How DUMB are your goals?

How DUMB are your goals?

Goal setting provides you with a clear direction and a road map. Too often I find that people put imaginary limits on themselves, by diagnosis alone and irrespective of current capacity. This self-stero-typing can be very restricting and fast-track deterioration independent of having Parkinson’s or not. Limits can be in the form of daily activity limitation right through to shelving the bucket-list. The good news is it doesn’t have to be like that… believing you can achieve great things with Parkinson’s is the first step and what we work hard to help you with in the 10 Week Challenge. The second step is deciding how to achieve that greatness. This is where goal setting comes in.

Goals help to keep you focused, accountable and motivated – when you have the right goal. Choosing the right goal is a bit of a Goldy locks event; Too easy and you will not feel the thrill of success that can compel you push yourself to greater things. The tragedy of this is you are capable of amazing things you don’t even realise yet! Too hard a goal and you might become despondent and unmotivated.

The best way to choose your goal is to choose a goal that is aspirational, dream driven and inspires you to give it a red hot go…. Once you have your big, hairy, audacious goal, you can work to breaking it up in to smaller steps, much like runs on a ladder leading to the golden prize.

To do this, I want to introduce DUMB goals…. The DUMBer your goals the better. Wait… what? DUMB goals are what will get you out of bed on the days you really don’t want to. DUMB goals follow a simple formula and pneumonic:

Defined (Specific to you, clearly articulated)

Unifying (Supported through family, carer, therapist etc)

Measurable (You know success when you see it and have a time frame)


If you don’t have a DUMB goal it is hard to know what you are working towards each day and if you are achieving it or not. Setting a DUMB goal can be daunting but just remember, you always eat an elephant one bite at a time (if you are in the habit of eating elephants).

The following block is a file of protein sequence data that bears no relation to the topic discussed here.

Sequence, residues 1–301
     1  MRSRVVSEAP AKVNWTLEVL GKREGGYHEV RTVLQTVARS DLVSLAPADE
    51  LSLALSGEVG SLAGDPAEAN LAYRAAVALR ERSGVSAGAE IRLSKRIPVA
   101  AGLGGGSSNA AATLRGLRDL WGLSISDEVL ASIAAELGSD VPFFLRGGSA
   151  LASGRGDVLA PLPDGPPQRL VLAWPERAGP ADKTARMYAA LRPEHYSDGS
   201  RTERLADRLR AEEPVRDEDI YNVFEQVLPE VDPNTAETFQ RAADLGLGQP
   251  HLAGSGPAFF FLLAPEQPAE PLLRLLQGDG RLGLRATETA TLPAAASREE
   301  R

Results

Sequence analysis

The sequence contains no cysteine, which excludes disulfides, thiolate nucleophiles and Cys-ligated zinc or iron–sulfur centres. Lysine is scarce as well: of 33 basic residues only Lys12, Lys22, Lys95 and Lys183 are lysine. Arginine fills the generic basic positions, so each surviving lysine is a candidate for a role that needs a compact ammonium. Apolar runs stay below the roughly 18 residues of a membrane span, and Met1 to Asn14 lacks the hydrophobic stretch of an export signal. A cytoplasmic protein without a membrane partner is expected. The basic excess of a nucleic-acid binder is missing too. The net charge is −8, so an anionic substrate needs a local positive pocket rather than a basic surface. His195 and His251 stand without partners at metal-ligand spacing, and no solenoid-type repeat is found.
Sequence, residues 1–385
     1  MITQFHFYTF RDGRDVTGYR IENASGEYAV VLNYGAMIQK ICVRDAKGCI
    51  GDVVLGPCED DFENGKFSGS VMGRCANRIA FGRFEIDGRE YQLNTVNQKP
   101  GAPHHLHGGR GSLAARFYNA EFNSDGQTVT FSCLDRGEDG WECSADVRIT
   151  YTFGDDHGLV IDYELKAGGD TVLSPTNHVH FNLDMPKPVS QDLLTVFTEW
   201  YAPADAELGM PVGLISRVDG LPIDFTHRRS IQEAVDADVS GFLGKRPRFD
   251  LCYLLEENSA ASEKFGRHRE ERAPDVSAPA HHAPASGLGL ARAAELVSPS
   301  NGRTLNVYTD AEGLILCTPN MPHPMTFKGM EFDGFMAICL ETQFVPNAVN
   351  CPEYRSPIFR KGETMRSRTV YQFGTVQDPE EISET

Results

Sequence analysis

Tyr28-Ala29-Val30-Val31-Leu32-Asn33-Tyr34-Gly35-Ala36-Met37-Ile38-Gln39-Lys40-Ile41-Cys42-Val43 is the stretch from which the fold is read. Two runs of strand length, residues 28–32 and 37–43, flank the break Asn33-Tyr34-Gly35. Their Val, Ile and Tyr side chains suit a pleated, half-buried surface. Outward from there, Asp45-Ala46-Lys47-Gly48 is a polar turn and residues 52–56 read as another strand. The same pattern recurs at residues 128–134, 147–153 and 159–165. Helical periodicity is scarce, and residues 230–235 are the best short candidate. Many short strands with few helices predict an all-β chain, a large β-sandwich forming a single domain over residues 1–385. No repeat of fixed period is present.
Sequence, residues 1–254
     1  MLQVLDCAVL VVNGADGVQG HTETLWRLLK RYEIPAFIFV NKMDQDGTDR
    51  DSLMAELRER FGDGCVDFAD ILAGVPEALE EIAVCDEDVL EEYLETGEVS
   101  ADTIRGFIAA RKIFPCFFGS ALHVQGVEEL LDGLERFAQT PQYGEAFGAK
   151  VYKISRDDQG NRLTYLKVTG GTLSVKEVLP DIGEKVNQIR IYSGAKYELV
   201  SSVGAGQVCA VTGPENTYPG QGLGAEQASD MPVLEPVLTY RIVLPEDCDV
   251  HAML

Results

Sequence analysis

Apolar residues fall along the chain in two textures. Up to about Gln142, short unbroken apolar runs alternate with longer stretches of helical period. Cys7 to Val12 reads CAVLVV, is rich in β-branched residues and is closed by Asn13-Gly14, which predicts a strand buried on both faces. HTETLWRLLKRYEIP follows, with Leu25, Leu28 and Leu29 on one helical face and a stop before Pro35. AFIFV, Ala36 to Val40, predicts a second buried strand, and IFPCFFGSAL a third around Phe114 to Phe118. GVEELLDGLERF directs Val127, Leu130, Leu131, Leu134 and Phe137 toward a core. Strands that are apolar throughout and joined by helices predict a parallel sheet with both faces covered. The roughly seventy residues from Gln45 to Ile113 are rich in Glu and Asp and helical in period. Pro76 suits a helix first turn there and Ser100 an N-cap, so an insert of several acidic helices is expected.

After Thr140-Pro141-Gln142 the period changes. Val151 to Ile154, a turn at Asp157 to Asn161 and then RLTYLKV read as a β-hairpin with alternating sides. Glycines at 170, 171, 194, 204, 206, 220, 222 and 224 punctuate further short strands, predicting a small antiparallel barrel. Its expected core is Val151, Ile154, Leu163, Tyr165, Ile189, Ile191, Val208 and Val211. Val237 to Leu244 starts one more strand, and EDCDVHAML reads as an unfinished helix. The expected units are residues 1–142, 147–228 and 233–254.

Examples of DUMB goals past Warriors have set and achieved are: cruising around Antarctica, trekking and kayaking in the deep snow and off the shelf, cycling along the Tour de France track, walking the Larapinta Trail, staying at work another 24 months, looking after the grandkids independently etc.

Your task is to write your DUMB Goal (and at least the first three steps towards your DUMB goal) down on a piece of paper and stick that up somewhere prominent. Look at it, imagine the feeling when you achieve it… then do your exercise. Watch out!

Related Articles

September – Stephen Knox

Stephen attends our ARC clinic weekly for PD Warrior group sessions and you will also recognise him from our Thursday online gym sessions.
He is tenacious in his commitment to exercise and fighting Parkinson’s and does an outstanding job putting into words his Relationship with Parkinson’s…
Past, Present and Future, by Stephen Knox:
“Writing a story about something that occupies your past, present and future…

January – Julio d’Escrivan

Julio is the perfect example of dreaming big and not letting Parkinson’s Disease put a ceiling on what you think you can achieve. Remember your goals and achievements are specific to YOU. Your marathon might be successfully walking around the block. Your Ironman might be climbing a set of stairs with more confidence. I hope you find Julio’s story as motivating as I did:
I am a composer of music for audio=visual media and a Senior Lecturer in Music and Sound for The Screen at the University of Huddersfield in West Yorkshire…

June – John Lake

Looking back, some indicators of PD had been there for maybe up to two years before my diagnosis in April 2019. Principally my hand writing (I am R hand dominant) was becoming more and more laboured. Some eight months earlier I had decided to learn the violin, so the clincher became that I could not bow smoothly with my right arm, which became increasingly frustrating for me and my teacher. My father was afflicted with Parkinson’s late in his life, so all added up, the diagnosis was just a confirmation of what I already suspected.


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